‘Tobacco use costs world $1T annually’

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TOBACCO use costs the world more than $1 trillion annually in health care costs and lost productivity, with the biggest economic burden being borne by low- and middle-income countries, a joint report by the World Health Organization (WHO) and the US National Cancer Institute (NCI) said.

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“The Economics of Tobacco and Tobacco Control” was described as the first comprehensive review of the economic impact of global tobacco use and control efforts in nearly 20 years.

The major conclusions of the report were that tobacco use does not contribute to economic development, but rather burdens countries with more than $1 trillion a year in health care costs and lost productivity, while measures to reduce tobacco use are highly cost-effective and do not harm economies.

Alarming statistics

In terms of demographics, the report showed that about 1.1 billion people worldwide are smokers, with the vast majorit—about 80 percent—concentrated in low- and middle-income countries. Of those, almost half live in the Southeast Asia and Western Pacific regions.

Although overall smoking prevalence is declining, the WHO/NCI report pointed out that the number of smokers is not, and that the reduction in smoking prevalence is simply due to an increase in total population.

“Unless stronger action is taken, it is unlikely the world will reach the WHO Member States’ 30 percent global reduction target by 2025,” the report said.

Annually, about six million people die annually from diseases caused by tobacco use, and that figure is expected to rise to about eight million people per year—including about 600,000 per year from the effects of secondhand smoke—by 2030. About 80 percent of those deaths occur in low- and middle-income countries, in line with the percentage of tobacco users, the report added.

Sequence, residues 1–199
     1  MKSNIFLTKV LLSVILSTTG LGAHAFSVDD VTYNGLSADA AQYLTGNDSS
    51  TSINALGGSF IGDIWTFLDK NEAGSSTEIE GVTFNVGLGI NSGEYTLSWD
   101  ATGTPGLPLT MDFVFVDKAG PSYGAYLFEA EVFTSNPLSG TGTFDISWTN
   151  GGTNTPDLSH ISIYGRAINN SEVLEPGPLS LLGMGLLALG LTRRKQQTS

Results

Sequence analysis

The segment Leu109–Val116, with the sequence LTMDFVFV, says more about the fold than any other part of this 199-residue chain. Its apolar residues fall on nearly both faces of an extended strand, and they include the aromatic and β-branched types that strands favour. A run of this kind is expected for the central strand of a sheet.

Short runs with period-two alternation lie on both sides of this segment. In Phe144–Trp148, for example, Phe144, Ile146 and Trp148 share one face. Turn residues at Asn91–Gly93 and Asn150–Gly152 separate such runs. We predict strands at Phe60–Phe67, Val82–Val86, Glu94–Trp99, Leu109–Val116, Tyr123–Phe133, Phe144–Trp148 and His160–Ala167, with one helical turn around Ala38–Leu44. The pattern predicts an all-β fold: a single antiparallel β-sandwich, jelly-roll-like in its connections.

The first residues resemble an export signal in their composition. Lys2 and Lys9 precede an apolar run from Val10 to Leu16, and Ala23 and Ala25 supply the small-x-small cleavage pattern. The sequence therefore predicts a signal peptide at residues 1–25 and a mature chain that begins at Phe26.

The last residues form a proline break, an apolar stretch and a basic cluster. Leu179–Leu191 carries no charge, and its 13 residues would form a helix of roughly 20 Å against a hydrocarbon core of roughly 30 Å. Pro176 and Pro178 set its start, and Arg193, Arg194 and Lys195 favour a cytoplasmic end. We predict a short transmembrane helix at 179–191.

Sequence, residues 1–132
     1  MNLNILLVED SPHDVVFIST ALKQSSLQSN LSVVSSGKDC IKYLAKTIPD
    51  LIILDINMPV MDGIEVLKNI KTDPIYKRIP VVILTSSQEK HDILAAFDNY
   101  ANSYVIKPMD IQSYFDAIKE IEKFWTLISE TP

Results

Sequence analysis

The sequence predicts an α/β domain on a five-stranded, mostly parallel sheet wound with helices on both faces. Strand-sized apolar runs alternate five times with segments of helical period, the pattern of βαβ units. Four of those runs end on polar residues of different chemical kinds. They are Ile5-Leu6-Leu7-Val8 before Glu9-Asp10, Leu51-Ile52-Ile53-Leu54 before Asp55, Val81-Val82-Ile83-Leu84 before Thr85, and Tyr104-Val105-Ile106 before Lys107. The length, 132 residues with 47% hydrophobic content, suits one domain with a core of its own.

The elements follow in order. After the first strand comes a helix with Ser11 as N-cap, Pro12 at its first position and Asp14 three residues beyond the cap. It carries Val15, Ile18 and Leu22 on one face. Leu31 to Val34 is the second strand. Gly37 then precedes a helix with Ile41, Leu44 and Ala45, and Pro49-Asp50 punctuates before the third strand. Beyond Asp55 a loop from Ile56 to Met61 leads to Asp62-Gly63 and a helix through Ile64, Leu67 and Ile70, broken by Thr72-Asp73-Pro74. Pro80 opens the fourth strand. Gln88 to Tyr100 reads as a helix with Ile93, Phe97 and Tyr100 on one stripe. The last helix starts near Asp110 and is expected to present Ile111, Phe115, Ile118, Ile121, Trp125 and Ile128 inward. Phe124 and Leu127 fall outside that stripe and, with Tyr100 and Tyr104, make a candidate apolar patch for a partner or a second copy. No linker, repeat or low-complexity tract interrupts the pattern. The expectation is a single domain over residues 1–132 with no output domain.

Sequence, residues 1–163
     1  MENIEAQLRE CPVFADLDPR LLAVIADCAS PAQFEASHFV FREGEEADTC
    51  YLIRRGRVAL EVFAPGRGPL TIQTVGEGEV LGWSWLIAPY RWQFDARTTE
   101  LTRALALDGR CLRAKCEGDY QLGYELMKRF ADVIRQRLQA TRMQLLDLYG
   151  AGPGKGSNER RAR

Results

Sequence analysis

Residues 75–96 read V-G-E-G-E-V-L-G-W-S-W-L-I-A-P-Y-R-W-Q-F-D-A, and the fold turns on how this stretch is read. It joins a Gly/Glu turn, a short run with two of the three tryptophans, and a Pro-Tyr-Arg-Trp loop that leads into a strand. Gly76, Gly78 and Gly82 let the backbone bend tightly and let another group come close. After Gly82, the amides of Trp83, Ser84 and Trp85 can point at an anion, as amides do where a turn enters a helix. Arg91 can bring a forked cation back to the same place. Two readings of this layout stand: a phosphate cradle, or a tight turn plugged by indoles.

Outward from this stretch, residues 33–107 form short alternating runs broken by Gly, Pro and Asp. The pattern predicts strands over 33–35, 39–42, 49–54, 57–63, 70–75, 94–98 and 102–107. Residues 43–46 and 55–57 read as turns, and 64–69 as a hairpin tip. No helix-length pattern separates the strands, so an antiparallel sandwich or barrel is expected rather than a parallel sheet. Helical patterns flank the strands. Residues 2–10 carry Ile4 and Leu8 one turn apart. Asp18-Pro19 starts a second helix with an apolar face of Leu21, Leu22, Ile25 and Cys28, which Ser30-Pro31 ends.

Interventions underutilized

The report also found that even though approximately $269 billion per year in tobacco excise taxes are collected globally, governments on average spend less than $1 billion combined annually on tobacco control measures.

Control measures such as increasing taxes do not have an adverse economic impact on countries, the report said, pointing out that increasing taxes did not lead to net job losses in any of the countries that imposed higher taxes.

“Additionally, significant increases in tax and price lead to greater reductions in tobacco use among the poor than among the rich, and thus contribute to reducing health disparities,” the report said.

“However, the vast majority of the world’s population is still not adequately covered by the most effective of these interventions, including sufficiently high levels of tobacco taxation, comprehensive smoke-free policies, complete bans on tobacco marketing, information interventions, and cessation support,” it added.

The report was hailed by anti-tobacco advocates, who echoed the recommendations of the WHO and NCI to expand and provide more funding for tobacco control programs. In a statement emailed to The Manila Times, Matthew L. Myers, president of the US-based Campaign for Tobacco-Free Kids said, “The report finds that higher tobacco taxes and prices reduce health disparities because they lead to greater reductions in tobacco use among the poor. Contrary to the claims of the tobacco industry, it is tobacco use – and not tobacco taxes – that disproportionately harms poor people.”

Myers added, “This report reminds us that while tremendous progress has been made in reducing tobacco use, urgent and sustained global action is needed to prevent tobacco use from killing one billion people worldwide this century.”

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